Friday, April 02, 2010

Command and control

Land and People:

Syria was able to build a low debt, high foreign reserve economy under a "command-type" economy, which mitigated the impacts of the financial crash. But now, they have to introduce neo-liberal economy in order for the new plutocracy to empty the coffers and to destroy the productive sectors, agriculture and industry.

China, on the other hand, wants to develop the productive sectors of its economy while retaining some measure of control. This forms the centerpiece complaint of US capital in its ongoing trade dispute with China, as reported in a feature article by BusinessWeek:

A Jan. 26 letter to the White House from the U.S. Chamber of Commerce, the Business Software Alliance, and more than a dozen other groups representing hundreds of multinationals such as Microsoft, Boeing, Motorola, Caterpillar, and United Technologies, warned of "systematic efforts by China to develop policies that build their domestic enterprises at the expense of U.S. firms."

Or yesterday's Financial Times:

[M]any US industries complain that they face significant non-tariff barriers to trade”, the report said. “These barriers include, for example, regulations that set high thresholds for entry into service sectors such as banking, insurance and telecommunications . . . and the use of questionable sanitary and phytosanitary measures to control import volumes.”

As an aside, it's worth noting that the World Trade Organization defines "sanitary and phytosanitary measures" as "ensuring that your country’s consumers are being supplied with food that is safe to eat" -- which from the perspective of US exporters is doubtless used against them, since few such standards apply here.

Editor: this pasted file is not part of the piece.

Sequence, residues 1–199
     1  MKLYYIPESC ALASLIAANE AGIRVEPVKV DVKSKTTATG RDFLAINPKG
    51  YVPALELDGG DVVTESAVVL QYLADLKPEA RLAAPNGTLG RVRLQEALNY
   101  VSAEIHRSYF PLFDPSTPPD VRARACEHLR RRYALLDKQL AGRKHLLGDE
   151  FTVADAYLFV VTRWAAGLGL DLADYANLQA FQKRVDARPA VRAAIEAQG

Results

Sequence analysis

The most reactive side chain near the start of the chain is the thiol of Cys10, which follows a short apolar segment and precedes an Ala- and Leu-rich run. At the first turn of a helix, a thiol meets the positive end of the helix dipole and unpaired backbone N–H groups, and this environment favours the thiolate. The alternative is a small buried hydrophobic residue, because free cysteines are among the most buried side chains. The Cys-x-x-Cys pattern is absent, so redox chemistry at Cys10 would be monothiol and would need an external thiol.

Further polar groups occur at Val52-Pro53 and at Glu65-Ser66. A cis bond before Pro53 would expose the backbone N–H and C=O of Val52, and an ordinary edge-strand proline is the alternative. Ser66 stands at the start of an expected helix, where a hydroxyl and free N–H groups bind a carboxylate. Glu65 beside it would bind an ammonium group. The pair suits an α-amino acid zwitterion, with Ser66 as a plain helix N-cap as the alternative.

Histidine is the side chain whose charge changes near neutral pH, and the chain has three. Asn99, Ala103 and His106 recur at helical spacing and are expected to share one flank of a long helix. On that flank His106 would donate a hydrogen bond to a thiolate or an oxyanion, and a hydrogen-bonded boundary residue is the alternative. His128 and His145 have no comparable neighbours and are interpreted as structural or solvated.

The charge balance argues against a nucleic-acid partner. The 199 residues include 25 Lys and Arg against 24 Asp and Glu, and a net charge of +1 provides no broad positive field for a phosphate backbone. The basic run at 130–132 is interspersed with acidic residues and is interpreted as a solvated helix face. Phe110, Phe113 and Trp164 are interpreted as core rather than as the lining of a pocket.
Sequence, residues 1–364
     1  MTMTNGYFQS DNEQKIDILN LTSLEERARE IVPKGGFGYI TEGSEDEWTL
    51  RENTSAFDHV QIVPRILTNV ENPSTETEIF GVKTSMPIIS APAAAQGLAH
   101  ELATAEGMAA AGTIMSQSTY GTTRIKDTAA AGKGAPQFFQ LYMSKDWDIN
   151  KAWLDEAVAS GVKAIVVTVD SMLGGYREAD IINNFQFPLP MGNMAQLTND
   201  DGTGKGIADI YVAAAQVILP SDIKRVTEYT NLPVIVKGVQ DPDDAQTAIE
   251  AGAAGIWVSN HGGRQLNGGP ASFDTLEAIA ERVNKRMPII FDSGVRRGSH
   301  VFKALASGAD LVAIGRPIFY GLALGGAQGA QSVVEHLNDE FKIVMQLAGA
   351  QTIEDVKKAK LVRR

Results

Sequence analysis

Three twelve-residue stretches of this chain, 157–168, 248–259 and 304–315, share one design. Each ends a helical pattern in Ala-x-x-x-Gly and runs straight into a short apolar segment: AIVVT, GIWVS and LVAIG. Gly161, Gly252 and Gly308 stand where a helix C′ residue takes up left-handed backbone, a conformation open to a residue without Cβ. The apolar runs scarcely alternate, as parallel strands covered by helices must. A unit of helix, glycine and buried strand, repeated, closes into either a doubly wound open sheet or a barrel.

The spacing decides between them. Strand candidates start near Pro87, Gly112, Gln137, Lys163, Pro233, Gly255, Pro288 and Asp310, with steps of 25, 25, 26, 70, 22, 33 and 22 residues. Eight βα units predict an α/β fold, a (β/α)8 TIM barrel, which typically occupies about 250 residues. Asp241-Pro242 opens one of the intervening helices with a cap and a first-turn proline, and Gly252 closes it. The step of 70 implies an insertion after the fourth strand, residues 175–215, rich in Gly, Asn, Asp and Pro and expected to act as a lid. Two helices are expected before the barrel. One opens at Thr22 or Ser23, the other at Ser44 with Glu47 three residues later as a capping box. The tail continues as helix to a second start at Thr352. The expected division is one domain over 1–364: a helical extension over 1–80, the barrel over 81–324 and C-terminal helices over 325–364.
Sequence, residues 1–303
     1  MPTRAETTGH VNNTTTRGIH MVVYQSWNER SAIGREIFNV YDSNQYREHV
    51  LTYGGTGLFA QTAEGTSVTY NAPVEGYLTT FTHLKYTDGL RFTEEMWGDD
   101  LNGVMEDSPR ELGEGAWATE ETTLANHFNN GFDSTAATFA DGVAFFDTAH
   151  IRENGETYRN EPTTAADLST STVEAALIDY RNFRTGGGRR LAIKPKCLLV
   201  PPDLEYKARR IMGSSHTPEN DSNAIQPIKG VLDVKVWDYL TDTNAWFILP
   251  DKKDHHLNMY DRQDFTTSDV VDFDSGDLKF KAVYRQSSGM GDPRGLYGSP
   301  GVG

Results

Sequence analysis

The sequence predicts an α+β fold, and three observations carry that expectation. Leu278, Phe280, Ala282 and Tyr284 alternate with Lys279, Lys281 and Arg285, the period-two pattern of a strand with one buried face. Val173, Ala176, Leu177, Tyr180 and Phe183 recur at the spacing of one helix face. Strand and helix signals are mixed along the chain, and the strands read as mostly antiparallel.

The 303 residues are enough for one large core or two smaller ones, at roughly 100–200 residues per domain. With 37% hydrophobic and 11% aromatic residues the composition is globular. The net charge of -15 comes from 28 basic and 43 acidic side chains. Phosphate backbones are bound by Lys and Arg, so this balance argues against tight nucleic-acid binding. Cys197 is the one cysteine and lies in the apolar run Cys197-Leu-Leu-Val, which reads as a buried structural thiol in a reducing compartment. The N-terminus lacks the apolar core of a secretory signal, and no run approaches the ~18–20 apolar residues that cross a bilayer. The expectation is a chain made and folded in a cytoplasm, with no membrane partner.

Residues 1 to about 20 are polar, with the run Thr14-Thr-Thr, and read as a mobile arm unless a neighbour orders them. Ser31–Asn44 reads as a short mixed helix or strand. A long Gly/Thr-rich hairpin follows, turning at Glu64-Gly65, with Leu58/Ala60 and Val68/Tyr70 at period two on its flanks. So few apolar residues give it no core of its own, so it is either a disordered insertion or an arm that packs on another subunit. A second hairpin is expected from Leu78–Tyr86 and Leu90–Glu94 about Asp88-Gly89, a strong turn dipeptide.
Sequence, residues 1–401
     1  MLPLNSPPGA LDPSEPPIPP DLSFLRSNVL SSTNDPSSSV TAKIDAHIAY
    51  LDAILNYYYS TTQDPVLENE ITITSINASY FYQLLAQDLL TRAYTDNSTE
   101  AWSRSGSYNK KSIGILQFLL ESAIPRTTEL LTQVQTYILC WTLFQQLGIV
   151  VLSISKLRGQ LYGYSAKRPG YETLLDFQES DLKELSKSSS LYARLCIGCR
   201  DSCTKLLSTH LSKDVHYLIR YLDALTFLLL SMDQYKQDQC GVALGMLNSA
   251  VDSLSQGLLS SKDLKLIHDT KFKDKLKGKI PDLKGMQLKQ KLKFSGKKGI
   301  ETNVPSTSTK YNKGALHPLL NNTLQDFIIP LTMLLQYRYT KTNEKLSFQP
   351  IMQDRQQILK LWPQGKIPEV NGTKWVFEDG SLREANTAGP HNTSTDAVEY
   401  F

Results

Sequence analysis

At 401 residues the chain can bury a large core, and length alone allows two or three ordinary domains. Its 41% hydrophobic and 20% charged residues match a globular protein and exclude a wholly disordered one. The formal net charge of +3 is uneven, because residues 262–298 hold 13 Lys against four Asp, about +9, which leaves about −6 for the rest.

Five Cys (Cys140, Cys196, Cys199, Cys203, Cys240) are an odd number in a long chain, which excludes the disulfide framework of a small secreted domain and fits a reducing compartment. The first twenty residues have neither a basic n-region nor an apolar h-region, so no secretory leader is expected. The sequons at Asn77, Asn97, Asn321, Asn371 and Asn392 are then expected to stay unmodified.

Stripped of its technical language, the US-China trade dispute is a power struggle between US capital and a foreign government not yet subordinated to its needs. Daniel Ikenson of the Cato Institute, writing in today's Wall Street Journal, underscores the point that "trade" is a misnomer which describes the overseas operations of US companies, so that a tariff on "Chinese imports" would in fact penalize US firms:

Consider how many fewer iPods Apple would sell; how many fewer jobs iPod production, distribution and sales would support; how much lower Apple's profits and research and development expenditures would be; how much smaller the markets for music and video downloads, car accessories, jogging accessories, and docking stations would be; and how many fewer jobs those industries would support. Multiply that by the hundreds of other devices and gadgets, computers and Blu-Rays, and other products designed in the U.S. and assembled in China from components made in the U.S. and elsewhere.

As the US-China trade debate heats up, it's worth keeping some of these considerations in mind. Moreover, it's instructive to consider how little ordinary Americans or Chinese factor into the overall equation, except as political afterthoughts.


Enron said...

This is the definition of irony, no?

JRB said...

Freedom is just Leninism without the long-term planning.

Ben There said...

Haven't stopped by in awhile but I just spent some time catching up and I remembered why I come here. Excellent work brother. Keep it up.